Discovering The International World Of Tea
Fall is here and as the leaves start to fall and the temperatures dip, many are going to want a warm beverage to stay cozy. While hot chocolate and apple cider are two cold weather favorites, tea is another great drink with hundreds of years of history. Online culinary courses can help someone become an expert on the beverage. But here is some information to get anyone started:
Many types of tea are sourced from a plant called Camellia sinensis. To achieve different flavors and smells, they are planted in different regions and grown during various seasons.
White – This type is lightly processed, and results in a muted color with a mild flavor when steeped. This variety doesn’t have much caffeine – only up to 2 percent of that found in brewed coffee.
Black – Black tea is known throughout many cultures, and it’s fully fermented to produce its strong, full-bodied flavor notes. Tea-time is practiced in the United Kingdom, where they take a break in the early afternoon to unwind with a warm cup of English breakfast tea.
Green – Green tea is beloved throughout China and Japan. The preparation process is different between countries: In China, the tea leaves are often roasted, while the Japanese typically steam theirs. This results in a yellow-green color for the former and a grassy, darker hue for the latter.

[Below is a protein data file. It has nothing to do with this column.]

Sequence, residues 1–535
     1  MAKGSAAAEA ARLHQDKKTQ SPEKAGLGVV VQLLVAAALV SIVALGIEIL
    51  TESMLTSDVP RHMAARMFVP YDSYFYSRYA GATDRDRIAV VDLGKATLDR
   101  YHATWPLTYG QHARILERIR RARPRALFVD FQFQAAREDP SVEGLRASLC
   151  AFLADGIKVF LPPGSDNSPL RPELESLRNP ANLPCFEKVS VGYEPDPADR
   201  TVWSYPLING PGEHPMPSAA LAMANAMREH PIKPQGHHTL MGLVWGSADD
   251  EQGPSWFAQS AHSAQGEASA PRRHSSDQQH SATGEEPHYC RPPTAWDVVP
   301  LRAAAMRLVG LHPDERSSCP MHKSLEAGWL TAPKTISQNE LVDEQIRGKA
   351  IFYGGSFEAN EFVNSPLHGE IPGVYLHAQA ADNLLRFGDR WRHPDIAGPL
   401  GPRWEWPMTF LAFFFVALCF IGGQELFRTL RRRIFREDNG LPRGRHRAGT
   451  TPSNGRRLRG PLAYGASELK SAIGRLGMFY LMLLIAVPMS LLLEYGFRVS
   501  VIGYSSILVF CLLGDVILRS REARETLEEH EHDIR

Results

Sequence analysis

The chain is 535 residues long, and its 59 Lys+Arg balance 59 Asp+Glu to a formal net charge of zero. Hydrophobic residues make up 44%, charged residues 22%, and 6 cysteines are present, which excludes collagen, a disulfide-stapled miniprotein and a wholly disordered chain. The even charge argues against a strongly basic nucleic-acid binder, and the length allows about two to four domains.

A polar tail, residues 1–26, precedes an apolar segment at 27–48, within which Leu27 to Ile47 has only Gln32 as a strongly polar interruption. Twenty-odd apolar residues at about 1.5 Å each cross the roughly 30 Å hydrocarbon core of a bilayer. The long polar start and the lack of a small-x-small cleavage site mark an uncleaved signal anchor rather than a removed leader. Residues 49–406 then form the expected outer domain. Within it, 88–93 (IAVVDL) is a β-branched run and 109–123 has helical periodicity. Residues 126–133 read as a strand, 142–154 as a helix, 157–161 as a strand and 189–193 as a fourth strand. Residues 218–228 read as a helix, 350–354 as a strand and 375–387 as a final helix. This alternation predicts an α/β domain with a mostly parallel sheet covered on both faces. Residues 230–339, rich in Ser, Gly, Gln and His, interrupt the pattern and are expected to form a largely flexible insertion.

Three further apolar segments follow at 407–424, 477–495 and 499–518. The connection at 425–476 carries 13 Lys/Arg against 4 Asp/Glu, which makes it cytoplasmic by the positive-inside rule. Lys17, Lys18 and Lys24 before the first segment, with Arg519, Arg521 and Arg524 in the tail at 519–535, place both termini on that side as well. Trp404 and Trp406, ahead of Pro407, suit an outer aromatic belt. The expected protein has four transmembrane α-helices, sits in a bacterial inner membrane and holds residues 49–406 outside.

Herbal – This type of tea is one of the varieties that isn’t sourced from the Camellia sinensis plant. Herbal infusions consist of pure flowers, herbs and fruits. Other versions are called rooibos and mate. Rooibos teas are made from a South African red bush plant.
Mate – Popular tea shops across the country commonly have an herbal mate beverage on their menus. According to Teavana, many coffee drinkers appreciate the taste made from yerba mate plant leaves and twigs.
Oolong – If anyone has dined at a traditional Chinese restaurant, they may have been served oolong tea. It is a full-bodied variety that is fragrant with a sweet smell. This tea is fermented in different levels. The Chinese ferment theirs to a 12 to 20 percent result while Taiwan cultures take it to a 60 to 70 percent result.
Those who have their go-to tea should experiment with new variations. The flavors run the gamut and can lead to a new favorite to pour in your morning cup.
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